Endangered white-backed vultures across southern Africa often shun national parks, preferring to forage further afield where they can encounter dead cattle or even poisoned carcasses intended to control other carnivores such as jackals, researchers at Durham University reported.
The problem is not limited to Africa, the researchers said. In India, several vulture species are on the verge of extinction due to accidental poisoning from cattle carcasses containing anti-inflammatory drugs administered by farmers.
There is concern such drugs, non-lethal to cattle yet fatal to vultures, could become more widely used in Africa, they said.
Vultures prefer to feed in savannah grassland habitats and away from other competing carnivores such as lions, and will go to considerable lengths to find food, Durham biologist Stephen Wills said.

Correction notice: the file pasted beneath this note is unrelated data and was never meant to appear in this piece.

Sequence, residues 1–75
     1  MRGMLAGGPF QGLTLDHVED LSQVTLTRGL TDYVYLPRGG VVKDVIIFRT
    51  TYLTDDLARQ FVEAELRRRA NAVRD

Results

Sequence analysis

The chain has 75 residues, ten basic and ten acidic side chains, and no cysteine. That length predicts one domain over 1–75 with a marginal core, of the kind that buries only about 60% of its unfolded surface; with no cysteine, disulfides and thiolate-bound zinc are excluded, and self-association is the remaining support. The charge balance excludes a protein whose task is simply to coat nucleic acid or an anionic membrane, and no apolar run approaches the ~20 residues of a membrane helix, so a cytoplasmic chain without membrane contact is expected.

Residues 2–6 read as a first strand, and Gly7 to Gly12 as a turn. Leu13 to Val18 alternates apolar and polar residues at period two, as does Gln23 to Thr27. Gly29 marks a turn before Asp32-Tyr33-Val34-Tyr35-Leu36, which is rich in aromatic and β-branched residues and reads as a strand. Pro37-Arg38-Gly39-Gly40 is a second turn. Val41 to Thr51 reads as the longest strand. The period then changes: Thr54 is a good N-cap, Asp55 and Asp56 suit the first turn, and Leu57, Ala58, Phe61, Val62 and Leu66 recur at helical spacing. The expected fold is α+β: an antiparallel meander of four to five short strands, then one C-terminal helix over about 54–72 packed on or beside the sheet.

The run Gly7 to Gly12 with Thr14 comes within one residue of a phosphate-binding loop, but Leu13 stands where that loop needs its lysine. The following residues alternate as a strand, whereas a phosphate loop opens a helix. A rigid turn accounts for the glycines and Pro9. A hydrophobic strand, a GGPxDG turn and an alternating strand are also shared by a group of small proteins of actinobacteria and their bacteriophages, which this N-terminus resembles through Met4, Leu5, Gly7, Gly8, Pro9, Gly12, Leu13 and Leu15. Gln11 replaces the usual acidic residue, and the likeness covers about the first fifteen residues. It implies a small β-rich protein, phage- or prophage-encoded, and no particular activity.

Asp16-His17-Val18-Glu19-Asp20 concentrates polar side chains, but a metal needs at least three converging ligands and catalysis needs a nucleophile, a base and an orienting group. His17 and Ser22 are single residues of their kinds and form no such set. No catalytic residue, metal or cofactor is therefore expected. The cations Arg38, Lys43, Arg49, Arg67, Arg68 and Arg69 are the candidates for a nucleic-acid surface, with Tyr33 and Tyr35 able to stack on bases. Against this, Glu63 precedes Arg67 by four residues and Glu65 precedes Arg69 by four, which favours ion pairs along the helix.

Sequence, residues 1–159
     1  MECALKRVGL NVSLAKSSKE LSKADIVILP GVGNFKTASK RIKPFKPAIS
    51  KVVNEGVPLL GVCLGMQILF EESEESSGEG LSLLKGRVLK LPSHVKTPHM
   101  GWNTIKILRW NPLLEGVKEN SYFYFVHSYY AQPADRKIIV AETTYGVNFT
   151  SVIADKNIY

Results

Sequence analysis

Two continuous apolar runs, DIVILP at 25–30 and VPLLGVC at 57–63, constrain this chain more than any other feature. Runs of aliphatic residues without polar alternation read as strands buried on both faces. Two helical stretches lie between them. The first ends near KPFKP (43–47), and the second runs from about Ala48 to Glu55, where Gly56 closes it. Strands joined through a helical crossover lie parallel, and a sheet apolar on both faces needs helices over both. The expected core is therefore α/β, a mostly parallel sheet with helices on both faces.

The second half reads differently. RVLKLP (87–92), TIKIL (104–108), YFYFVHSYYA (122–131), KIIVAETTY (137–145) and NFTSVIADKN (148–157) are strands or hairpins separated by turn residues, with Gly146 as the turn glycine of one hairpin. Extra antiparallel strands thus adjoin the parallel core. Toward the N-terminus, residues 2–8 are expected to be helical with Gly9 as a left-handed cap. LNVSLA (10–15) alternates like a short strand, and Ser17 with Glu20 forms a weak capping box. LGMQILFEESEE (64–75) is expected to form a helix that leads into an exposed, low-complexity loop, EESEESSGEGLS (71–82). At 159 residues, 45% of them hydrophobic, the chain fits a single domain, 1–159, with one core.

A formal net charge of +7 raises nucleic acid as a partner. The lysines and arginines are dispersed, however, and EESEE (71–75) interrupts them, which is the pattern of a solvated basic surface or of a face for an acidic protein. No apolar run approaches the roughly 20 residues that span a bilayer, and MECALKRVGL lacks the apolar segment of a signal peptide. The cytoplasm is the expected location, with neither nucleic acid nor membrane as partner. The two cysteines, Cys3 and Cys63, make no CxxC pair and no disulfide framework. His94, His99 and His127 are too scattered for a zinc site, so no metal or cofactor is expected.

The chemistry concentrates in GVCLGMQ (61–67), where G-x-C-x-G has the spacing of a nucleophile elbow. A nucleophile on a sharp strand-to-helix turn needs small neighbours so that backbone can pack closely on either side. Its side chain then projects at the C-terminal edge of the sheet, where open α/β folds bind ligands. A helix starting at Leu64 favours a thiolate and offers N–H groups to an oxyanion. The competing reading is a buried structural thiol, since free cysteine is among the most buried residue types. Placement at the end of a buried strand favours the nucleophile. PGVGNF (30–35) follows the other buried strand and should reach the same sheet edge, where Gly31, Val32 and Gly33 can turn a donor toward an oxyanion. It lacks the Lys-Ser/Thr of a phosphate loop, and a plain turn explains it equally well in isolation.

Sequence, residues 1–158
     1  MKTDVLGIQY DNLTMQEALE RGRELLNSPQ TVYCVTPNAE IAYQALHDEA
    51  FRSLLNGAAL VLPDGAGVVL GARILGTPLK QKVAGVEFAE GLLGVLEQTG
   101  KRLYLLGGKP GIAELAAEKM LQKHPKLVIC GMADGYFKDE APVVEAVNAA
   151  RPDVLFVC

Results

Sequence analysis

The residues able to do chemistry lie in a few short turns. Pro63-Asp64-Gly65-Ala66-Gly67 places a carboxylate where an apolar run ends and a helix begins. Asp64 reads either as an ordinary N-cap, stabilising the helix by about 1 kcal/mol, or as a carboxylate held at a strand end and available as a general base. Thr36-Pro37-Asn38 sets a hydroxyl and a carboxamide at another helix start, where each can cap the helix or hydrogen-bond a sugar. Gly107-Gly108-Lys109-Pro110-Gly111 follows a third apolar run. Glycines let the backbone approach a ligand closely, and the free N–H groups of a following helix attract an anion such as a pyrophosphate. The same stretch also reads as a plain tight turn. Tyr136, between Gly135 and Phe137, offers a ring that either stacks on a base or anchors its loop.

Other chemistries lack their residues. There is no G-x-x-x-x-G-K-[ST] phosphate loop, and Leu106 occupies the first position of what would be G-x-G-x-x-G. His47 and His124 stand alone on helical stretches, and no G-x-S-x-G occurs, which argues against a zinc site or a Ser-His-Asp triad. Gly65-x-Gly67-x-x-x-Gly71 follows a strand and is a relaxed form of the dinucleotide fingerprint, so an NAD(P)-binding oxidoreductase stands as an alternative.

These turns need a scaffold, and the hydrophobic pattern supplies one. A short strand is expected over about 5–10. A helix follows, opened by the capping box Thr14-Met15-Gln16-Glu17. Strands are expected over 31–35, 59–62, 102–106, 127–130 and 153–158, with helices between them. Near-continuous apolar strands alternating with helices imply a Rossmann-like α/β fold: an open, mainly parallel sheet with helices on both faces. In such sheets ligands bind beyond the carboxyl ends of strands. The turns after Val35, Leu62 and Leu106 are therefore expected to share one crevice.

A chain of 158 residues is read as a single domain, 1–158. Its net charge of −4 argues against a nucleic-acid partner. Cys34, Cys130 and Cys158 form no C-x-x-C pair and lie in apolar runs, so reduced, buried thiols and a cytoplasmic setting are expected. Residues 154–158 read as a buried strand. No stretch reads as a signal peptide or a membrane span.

"We found that young vultures travel much further than we ever imagined to find food, sometimes moving more than 220 kilometers (135 miles) a day," he said. "Individuals moved through up to five countries over a period of 200 days, emphasizing the need for conservation collaboration among countries to protect this species."
The researchers tracked six immature African white-backed vultures using GPS tracking collars.
"In the past, we believed that protecting nature reserves and conservancies was the way to go but tracking devices show that vultures are spending very little time in protected areas, and this makes conserving these birds much more difficult," said Kerri Wolter of the vulture conservation program VulPro.
"Given the distances that vultures forage, we cannot conserve these birds 'in-country' but have to work together with conservation organization's, governments and neighboring countries to safeguard vulture species across the globe."
Attkisson leaves CBS News, reportedly over network's 'liberal bias'
Astronomers offer more expansive view of universe